Activity 1
DIFFERENTIATION


What is Reconciliation about?




Over to you!

Create a timeline poster

Let’s use what you have learnt in
Activity 1
!

You will create a timeline poster for the National Sorry Day coming up on May 26th, to sensitise people about the Australian issue of Reconciliation between the government and the Native Australians.

Group 2: A formal national apology


“Kevin Rudd’s national apology to the Stolen Generations”, ABC News (Australia), 2008.


The first National Sorry Day was held on May 26th 1998, but at the time, Prime Minister John Howard refused to officially apologise for the mistreatment that was done to the Indigenous people of Australia. It is only 10 years after, in 2008, that Prime Minister Kevin Rudd decided to take this responsibility and to finally acknowledge those mistreatments.

Voir les réponses

You are in charge of one innovation.

Workbook p. 38

1
Based on the picture and the text, make suppositions about what aspect of Reconciliation you expect to hear about.
2
Watch the video and pick out key words to confirm your hypotheses. Be ready to present it.
3
Go on the Internet, look for events that are organised on National Sorry Day every year. What is their goal?

Useful vocabulary: From what I can see on the screen capture / read in the text, I suppose...
The video might be a speech / testimony / interview…
I believe it might deal with…
I was (partially) right, it dealt with…
I was (partly) wrong, it was actually about...

Let's learn!

In groups, pick one aspect of National Sorry Day and Reconciliation and say which video best illustrates it. Justify your choice.

Apology for the ethnocide
Reconciliation
Reparation for the wrongs done
Rememberance and commemoration
Sharing Indigenous people’s experience

Language in progress

L’ordre des mots en anglais

• Sujet + Verbe + Complément
Ex : I give you this. → Je te donne cela.

Adjectif + Nom
Ex : Indigenous children
→ les enfants indigènes

Adverbe + Verbe
Ex : They finally acknowledged / officially apologised.

Exercices p. 9
Précis grammatical p. 269

Group 1: A reason to be sorry for...


sorry
Sorry, Tony Albert, Gallery of Modern Art, Brisbane, 2008.


Stolen generations
Stolen Generations Australia supporters outside Darwin Federal Court, 2000.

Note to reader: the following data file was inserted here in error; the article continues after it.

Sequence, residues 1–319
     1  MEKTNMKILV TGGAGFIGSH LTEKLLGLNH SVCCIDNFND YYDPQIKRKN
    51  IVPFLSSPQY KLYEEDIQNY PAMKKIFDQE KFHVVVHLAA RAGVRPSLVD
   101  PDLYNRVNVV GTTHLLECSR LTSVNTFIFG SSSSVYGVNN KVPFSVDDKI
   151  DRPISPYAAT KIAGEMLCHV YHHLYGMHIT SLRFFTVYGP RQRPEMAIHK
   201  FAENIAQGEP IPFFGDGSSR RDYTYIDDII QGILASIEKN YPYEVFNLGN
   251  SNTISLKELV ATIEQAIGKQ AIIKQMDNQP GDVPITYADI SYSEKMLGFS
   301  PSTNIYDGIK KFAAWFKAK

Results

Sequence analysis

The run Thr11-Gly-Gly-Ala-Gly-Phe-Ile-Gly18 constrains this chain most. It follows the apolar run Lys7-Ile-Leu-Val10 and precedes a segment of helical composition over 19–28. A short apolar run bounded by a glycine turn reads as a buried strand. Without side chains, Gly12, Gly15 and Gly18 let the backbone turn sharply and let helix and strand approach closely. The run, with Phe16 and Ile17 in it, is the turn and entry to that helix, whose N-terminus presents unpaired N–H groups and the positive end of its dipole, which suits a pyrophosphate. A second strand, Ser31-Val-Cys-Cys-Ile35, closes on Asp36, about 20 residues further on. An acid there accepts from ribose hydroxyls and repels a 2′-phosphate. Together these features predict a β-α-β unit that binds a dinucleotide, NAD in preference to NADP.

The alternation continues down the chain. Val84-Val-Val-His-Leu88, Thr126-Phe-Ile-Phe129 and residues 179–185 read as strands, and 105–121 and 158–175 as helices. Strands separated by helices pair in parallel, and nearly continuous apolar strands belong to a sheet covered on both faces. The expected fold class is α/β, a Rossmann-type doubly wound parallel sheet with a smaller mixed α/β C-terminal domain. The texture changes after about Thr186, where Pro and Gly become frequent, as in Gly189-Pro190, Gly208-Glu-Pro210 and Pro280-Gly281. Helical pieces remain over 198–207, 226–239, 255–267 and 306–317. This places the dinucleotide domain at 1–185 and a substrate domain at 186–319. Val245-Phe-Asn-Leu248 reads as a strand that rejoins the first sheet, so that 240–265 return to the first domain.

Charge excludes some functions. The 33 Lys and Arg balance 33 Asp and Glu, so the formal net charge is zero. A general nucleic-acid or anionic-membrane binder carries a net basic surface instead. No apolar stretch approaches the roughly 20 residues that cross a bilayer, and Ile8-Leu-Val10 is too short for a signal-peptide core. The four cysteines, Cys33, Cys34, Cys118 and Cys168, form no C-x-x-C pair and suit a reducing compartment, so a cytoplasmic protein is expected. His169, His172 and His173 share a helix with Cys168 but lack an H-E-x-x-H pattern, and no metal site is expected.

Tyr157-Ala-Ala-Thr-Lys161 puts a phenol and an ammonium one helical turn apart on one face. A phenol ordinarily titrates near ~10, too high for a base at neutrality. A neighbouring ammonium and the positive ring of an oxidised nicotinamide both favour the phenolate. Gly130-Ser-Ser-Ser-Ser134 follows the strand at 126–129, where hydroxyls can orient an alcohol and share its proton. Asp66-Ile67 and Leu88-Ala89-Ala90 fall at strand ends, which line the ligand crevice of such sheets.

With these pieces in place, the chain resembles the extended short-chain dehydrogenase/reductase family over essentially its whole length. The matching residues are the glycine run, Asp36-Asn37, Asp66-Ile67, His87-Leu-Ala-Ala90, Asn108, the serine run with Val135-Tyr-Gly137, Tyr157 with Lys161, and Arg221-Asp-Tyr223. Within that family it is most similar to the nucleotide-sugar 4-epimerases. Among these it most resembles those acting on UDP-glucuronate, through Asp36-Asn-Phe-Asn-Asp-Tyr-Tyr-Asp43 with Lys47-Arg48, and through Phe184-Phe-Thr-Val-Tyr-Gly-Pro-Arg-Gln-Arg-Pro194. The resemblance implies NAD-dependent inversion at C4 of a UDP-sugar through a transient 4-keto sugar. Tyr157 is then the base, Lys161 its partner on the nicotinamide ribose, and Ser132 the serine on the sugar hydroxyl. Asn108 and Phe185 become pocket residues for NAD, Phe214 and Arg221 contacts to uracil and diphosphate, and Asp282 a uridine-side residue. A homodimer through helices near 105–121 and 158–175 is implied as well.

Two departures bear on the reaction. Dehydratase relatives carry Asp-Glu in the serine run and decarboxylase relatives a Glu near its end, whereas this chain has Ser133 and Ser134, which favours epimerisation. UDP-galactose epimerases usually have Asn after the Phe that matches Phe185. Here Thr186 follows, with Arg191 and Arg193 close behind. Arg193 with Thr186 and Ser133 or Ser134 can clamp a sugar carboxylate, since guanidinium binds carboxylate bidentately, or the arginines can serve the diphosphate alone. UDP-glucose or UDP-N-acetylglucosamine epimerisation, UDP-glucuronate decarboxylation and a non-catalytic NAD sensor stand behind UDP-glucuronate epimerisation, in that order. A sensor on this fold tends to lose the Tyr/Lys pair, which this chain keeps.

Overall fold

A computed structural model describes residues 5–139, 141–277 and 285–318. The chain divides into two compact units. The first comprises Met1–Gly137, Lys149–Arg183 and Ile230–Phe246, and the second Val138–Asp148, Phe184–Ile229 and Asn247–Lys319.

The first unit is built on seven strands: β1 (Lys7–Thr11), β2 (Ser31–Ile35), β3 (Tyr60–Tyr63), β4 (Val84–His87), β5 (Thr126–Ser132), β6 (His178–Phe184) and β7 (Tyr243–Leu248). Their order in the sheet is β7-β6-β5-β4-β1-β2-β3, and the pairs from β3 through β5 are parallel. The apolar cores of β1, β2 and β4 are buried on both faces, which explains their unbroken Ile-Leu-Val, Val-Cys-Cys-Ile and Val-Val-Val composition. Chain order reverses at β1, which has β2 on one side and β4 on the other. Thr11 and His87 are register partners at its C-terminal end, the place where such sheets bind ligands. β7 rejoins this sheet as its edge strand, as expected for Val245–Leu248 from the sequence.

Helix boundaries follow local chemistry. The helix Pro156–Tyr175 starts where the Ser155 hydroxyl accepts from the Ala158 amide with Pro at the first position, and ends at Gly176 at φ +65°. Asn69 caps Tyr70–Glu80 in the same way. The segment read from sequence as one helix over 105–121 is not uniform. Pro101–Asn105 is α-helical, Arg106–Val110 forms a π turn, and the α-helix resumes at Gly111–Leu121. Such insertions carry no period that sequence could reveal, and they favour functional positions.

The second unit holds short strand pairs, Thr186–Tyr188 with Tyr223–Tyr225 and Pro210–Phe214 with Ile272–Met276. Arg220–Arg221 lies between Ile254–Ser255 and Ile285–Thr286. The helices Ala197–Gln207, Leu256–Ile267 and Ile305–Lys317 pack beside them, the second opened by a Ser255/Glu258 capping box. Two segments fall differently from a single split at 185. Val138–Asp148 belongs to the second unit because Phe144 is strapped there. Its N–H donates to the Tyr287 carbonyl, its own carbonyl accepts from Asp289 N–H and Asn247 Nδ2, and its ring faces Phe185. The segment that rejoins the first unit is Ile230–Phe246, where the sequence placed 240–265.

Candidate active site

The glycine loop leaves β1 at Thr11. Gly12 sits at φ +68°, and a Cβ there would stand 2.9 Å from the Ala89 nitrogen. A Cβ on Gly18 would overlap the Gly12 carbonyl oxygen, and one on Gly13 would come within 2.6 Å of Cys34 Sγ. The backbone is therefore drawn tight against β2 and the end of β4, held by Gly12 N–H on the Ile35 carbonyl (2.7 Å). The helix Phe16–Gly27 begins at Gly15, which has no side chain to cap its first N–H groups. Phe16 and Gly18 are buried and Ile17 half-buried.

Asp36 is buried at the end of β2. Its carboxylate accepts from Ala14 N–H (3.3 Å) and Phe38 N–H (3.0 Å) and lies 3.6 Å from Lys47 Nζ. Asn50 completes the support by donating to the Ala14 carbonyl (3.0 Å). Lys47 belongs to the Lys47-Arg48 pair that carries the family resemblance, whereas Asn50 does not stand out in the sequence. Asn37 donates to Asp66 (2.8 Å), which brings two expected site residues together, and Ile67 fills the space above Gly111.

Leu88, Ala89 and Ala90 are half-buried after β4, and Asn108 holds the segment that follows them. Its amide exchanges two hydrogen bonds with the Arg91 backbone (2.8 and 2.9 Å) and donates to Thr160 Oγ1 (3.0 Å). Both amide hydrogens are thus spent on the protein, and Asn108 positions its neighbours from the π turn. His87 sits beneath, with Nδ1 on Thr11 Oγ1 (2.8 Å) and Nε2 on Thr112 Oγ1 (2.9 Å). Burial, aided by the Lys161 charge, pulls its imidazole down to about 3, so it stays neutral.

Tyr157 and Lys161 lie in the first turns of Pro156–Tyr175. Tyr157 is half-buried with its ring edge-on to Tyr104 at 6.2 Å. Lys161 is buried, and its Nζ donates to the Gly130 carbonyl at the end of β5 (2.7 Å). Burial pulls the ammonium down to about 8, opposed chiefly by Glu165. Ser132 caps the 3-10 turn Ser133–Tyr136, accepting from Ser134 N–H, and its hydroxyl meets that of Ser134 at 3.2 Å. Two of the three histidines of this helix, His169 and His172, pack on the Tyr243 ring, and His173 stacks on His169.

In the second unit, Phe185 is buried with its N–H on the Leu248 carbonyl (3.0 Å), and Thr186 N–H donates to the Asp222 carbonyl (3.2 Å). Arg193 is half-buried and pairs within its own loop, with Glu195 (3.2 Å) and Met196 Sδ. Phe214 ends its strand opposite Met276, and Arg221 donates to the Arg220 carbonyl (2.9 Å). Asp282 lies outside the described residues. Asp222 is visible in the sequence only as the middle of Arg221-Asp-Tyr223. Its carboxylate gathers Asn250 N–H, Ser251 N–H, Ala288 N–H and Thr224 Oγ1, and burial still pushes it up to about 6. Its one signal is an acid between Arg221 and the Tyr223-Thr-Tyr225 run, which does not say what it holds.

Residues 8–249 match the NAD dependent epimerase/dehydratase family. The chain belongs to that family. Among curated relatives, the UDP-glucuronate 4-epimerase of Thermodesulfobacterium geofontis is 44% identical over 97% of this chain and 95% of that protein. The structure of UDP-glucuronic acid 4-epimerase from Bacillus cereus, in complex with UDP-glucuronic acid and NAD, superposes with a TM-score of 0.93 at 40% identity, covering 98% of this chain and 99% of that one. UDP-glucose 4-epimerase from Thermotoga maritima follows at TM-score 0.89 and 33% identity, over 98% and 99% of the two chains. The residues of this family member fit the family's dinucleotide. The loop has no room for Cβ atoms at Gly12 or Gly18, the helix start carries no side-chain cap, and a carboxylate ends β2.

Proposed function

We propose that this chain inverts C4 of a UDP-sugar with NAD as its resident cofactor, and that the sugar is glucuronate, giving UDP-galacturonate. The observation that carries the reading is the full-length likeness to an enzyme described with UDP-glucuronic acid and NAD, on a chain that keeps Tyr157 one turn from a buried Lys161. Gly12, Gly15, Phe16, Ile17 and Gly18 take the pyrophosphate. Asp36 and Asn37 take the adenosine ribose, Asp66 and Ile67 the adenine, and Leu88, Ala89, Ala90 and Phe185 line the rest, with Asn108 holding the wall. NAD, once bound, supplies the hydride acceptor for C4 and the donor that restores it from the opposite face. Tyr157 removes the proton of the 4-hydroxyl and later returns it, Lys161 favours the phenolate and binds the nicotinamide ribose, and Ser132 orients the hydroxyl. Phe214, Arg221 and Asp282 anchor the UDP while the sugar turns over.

Official government estimates are that between one in ten and one in three Indigenous Australian children were forcibly taken from their families and communities, between 1910 and 1970, affecting all regions of the country. They are called “the Stolen Generation”.

Group 3: Closing the gap




Closing the gap:
based on seven key measures


On 13th February 2008, the Federal Government made a formal Apology to Australia’s Indigenous people, and launched the “Closing the Gap” campaign to help Indigenous Australians get better life conditions. Ten years after, in 2018, a journalist interviews Kevin Rudd about the results of this campaign.

Let's talk this out!

Voir les réponses
GROUP WORK
MEDIATION

Share your findings with the other groups and learn about the other aspects of the issue.

4
What do they have in common?

5
What do you think about National Sorry Day and the events associated to it?

Useful vocabulary: The videos all refer to / mention the fact that…
They are all illustrations of…
The goal of the events organised on Sorry Days is to promote / share...

Toolbox

Toolbox
  • Reconciliation (n.) /ˌrɛkənˌsɪlɪˈɛɪʃən/
  • wrongs /ˈrɒŋz/ / sufferings / mistreatments (n.)
  • survivors / descendents (n.)
  • acknowledge sthg /əkˈnɒlɪdʒ/ → officially recognise / admit (v.)
  • aim at + V-ing /əˈpɒlədʒaɪz/ / be sorry for + N / V+ing (v.)
  • improve (v.)
  • heal / reco ver / get better (v.)
  • forgive / excuse (v.)
  • make up for / make amends / redeem (v.)
  • reconcile with /ˈrɛkənsaɪl/ / make peace with (v.)

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